bringing hope and and pride
and Veteran's Lives
and deliver independence and security
Puppies Behind Bars (PBB) trains prison inmates to raise service dogs for wounded war veterans and explosive-detection canines for law enforcement. Puppies enter prison at the age of 8 weeks and live with their inmate puppy-raisers for approximately 24 months. As the puppies mature into well-loved, well-behaved dogs, their raisers learn what it means to contribute to society rather than take from it. PBB programs bring the love and healing of dogs to hundreds of individuals every year. The dogs bring hope and pride to their raisers, and independence and security to those they serve.
Our Graduates Change
Lives in the Community
● 159 services dogs have been trained placed with those in need.
● 443 bomb detection dogs trained and graduated the program.
● 12 puppies graduated and were placed as a child’s companion
● 2 therapy dogs are now in service.
● 84 guide dogs have been trained to help the visually impaired.
Although specifics of PBB’s program have evolved over time, the organization has remained true to its core mission: training inmates to raise exceptional working dogs. We currently train service dogs for wounded war veterans and explosive-detection canines (EDCs) for law enforcement.
Our goals are to train the best working dogs available, to keep the dogs happy and healthy, to train the inmate puppy raisers in our program to be skilled dog handlers, and to maintain a high “graduation” rate, with approximately 75% of our dogs going on to lead successful and productive working lives. (Dogs that do not graduate are released for adoption.)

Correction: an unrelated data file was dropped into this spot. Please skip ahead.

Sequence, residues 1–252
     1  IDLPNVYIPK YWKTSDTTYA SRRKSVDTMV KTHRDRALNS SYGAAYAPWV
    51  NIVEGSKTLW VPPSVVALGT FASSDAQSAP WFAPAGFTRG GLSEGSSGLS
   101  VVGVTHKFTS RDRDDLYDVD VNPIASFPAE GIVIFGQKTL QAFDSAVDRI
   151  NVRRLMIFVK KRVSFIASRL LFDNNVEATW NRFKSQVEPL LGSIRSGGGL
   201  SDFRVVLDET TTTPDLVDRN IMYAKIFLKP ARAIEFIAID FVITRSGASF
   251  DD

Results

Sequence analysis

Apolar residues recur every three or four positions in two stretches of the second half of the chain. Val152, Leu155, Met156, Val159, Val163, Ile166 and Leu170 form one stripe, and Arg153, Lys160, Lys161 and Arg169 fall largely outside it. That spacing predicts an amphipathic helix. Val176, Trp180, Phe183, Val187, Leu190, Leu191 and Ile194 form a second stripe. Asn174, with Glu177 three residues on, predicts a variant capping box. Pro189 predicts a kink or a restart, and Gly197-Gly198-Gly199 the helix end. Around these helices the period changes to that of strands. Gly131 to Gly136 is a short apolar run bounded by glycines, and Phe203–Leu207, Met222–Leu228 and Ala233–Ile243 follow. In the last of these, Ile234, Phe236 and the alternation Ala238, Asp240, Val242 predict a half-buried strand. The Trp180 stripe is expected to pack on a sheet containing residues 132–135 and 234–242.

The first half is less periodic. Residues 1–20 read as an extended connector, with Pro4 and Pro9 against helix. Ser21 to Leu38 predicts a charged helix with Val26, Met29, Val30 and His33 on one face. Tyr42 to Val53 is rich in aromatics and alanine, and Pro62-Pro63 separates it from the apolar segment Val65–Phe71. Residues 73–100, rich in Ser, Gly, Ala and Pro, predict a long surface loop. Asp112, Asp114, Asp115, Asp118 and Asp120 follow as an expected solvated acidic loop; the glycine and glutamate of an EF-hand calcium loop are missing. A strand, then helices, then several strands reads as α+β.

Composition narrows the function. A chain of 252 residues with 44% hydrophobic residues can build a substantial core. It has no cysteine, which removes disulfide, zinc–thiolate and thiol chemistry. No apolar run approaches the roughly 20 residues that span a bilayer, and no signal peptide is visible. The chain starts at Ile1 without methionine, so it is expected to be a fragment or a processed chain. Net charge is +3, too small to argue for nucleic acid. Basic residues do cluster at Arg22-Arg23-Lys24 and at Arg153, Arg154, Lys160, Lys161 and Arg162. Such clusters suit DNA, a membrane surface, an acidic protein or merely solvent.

We train excellent working dogs by offering rigorous instruction and guidance to the inmates in our program. The dogs receive 24-hour-a-day attention from their inmate puppy raisers, from the age of 8 weeks until they leave our program between the ages of 12 and 24 months. We adapt constantly our instruction and dog training methods based on our own experience, on input from other experts, and on feedback from the veterans and law enforcement officers who are ultimately paired with our dogs. We achieve high graduation rates by carefully selecting dogs with ideal characteristics for working life, and through the flexibility that training two different types of working dogs lends our program. This allows us to switch a dog’s career path if its response to early training indicates that a change might lead to greater success. The dogs, in this sense, choose the career for which they are best suited.
PBB’s staff includes six full- and part-time instructors, who teach in seven correctional facilities. Approximately 140 inmates participate in our program as puppy raisers. Members of our instructional staff also conduct two to four “team training” sessions annually, during which veterans and first responders are paired, and learn to work with, their new Dog Tags service dogs. PBB’s finances are healthy, with a broad base of individual and foundation support allowing us to maintain our programs.